One of my main goals for my baby is that he grow up not giving too much credence to What Other People Think, because that stuff is a trap, and also it leads to you spending lots of money on therapy and booze and self-help books. Also, I think that dealing with little kids is hard, and it doesn’t pay very well, and not everyone in the field is really that suited to it, so the people who are most likely to teach your child that he’s basically pretty cool are not necessarily the people most likely to take those jobs.

And the whole thing just seems so scary and hard to navigate that we’ve just shut down and will never leave H. with anyone, we’ll be coming with him to college.

(Just kidding! IN THE FUTURE, NOBODY WILL BE ABLE TO AFFORD COLLEGE. He’ll live at home forever.)

We did make one final attempt, and we actually left H. there for 3 minutes before the girl came to get me because my baby was sobbing piteously.

(This made me feel GREAT, by the way.)

I went and got him, and we wandered out to watch a bunch of women taking a Zumba class, and I held him until he calmed down. It was hard and strange to see him so sad. I don’t think he was scarred for life or anything, but still I felt pretty lousy about the whole thing.

So – I know that some of the 2.6 people reading this post may conclude that Seth and I are fussy helicopter parents who think that kids have no resilience. I don’t know. We’re pretty laid-back about physical stuff and let him lick the sidewalk and interact with dangerous strange dogs 24/7. But even if I am fussy…

Look. I know that the mean Childwatch lady or someone like her will eventually make him feel bad about himself. I’m just trying to put off the inevitable until maybe he’s developed a good sense of sarcasm, or at least some basic comebacks. (Like “YOUR FACE!!!!”, maybe?)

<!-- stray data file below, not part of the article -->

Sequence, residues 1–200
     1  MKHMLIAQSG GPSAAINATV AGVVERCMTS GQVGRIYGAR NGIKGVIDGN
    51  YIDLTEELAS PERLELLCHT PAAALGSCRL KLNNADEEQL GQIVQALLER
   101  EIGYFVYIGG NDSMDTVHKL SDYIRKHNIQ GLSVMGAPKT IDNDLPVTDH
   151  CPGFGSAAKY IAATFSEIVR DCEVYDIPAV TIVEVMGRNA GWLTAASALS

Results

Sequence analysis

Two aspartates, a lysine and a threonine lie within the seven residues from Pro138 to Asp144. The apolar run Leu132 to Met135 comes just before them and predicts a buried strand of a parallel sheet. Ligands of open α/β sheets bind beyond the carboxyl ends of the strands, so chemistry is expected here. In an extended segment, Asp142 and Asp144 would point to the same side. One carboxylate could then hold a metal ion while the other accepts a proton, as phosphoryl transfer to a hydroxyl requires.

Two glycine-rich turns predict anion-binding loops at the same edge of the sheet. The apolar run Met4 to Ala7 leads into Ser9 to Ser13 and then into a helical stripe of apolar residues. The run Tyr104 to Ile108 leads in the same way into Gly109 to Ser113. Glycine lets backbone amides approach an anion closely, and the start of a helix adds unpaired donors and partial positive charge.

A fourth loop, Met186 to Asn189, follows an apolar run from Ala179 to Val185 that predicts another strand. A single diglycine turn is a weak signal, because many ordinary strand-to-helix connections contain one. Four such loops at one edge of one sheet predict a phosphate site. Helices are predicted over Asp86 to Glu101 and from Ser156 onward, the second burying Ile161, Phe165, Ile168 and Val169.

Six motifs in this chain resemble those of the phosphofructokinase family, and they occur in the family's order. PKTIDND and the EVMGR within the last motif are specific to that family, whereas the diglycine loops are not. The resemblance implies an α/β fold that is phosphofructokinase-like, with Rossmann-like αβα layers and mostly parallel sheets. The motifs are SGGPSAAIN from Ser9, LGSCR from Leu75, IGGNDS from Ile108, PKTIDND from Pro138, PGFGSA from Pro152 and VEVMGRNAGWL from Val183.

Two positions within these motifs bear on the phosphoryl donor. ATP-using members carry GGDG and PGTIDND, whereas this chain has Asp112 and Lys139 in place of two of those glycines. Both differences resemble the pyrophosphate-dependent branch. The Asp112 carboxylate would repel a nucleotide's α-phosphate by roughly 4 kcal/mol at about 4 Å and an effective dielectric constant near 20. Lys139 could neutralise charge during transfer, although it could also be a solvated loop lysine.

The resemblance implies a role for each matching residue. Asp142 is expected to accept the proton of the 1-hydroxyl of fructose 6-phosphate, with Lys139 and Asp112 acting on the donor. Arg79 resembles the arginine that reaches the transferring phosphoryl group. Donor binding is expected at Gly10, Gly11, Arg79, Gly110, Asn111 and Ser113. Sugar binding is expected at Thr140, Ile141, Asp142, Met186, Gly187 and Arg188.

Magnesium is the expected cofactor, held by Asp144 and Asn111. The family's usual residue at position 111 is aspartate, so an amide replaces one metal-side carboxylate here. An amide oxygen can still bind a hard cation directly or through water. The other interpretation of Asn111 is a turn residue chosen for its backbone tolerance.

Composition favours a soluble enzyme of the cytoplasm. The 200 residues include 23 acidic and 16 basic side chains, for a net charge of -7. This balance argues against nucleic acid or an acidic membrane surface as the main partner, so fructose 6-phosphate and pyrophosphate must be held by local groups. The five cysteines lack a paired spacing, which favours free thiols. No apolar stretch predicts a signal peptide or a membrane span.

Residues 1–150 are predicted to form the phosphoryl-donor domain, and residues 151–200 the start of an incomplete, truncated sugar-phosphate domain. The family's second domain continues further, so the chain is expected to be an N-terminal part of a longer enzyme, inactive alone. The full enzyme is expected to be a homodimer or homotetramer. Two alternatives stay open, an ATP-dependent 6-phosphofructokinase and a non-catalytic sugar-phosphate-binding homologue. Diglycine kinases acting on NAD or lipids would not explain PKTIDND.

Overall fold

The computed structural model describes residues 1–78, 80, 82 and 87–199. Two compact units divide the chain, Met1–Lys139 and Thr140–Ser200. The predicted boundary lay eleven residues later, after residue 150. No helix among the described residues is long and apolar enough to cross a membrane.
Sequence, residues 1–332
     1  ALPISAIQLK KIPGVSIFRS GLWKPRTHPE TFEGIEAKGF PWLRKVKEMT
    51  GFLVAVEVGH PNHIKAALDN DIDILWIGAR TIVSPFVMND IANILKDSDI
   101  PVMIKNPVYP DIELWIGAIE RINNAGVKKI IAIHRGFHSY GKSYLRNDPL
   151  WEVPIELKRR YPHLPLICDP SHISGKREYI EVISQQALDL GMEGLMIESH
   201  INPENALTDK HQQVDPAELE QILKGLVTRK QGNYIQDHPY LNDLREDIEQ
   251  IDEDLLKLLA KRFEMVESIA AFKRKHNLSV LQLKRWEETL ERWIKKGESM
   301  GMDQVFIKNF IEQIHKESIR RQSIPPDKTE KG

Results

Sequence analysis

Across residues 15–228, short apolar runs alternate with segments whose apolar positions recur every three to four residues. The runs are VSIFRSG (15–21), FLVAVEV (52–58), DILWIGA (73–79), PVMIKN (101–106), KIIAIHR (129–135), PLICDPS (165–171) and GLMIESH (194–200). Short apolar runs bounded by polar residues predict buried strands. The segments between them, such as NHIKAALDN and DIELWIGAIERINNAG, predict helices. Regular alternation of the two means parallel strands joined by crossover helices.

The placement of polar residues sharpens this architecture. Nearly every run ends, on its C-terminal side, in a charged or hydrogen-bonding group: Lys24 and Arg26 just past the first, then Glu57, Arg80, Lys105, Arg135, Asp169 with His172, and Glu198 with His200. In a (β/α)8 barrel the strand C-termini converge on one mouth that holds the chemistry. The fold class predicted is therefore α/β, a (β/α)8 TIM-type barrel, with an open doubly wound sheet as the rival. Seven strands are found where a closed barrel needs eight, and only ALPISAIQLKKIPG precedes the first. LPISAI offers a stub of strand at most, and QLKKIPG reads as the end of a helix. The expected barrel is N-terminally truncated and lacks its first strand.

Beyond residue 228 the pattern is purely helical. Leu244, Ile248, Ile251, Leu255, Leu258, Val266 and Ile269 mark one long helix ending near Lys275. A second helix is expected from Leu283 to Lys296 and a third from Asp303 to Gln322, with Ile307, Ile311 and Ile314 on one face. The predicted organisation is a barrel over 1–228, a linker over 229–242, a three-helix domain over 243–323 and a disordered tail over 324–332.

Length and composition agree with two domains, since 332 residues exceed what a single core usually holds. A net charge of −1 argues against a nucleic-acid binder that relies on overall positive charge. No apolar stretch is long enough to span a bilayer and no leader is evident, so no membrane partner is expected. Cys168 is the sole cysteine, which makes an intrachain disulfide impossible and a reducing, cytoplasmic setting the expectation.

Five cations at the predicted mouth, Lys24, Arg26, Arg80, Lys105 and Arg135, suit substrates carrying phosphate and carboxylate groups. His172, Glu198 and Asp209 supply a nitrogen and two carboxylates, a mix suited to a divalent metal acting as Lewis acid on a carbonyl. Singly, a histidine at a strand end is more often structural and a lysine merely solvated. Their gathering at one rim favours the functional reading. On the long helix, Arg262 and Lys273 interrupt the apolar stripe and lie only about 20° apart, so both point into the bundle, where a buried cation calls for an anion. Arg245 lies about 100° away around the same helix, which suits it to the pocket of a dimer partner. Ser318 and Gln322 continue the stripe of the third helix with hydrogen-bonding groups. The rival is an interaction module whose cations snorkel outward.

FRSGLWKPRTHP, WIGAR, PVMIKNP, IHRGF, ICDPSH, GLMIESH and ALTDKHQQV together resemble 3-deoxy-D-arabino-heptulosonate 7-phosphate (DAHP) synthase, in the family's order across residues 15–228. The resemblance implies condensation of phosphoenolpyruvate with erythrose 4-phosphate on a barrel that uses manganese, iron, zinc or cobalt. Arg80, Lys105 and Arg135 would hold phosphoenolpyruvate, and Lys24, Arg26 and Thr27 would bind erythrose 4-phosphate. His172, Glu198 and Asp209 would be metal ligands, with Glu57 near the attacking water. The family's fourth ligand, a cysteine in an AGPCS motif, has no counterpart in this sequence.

4 responses to “She have to learn.

  1. thehandsomecamel

    “That’s not what your MOM said!” and “You smell!” are also good.

  2. May I recommend the all-purpose, “Your MOM’s a {insert topic of conversation here}.”

    When my son was in high school, he told me this was especially effective when the insult was nonsensical. For example:

    Boy 1: That’s not a quadratic equation.
    Boy 2: Your MOM’s a quadratic equation.

    Adolescent boys are weird.

  3. Aw
    that is so sad that she is working there.
    As for H. He is a bit young to leave. No wonder he was sobbing.
    Send me a plane ticket, I’ll come stay while you go work out.

  4. Reader number 2.6 chiming in here to say you’re not fussy at all. There’s absolutely no reason to tolerate crap childcare. This is one of the battles that is worth fighting, whether you’re an over-protective “helicopter parent” or not. (Although I don’t think parents of babies and toddlers can be called helicopter parents yet; at this stage you pretty much have to “helicopter” over your child to prevent him from falling off chairs and ingesting button batteries.)

    H. will probably cry a bit no matter who you leave him with, which is really hard, but it’s easier if you feel confident about the caregiver.

    I’d have written a thoroughly-documented letter of complaint to the Y’s board of directors, but maybe that’s just me.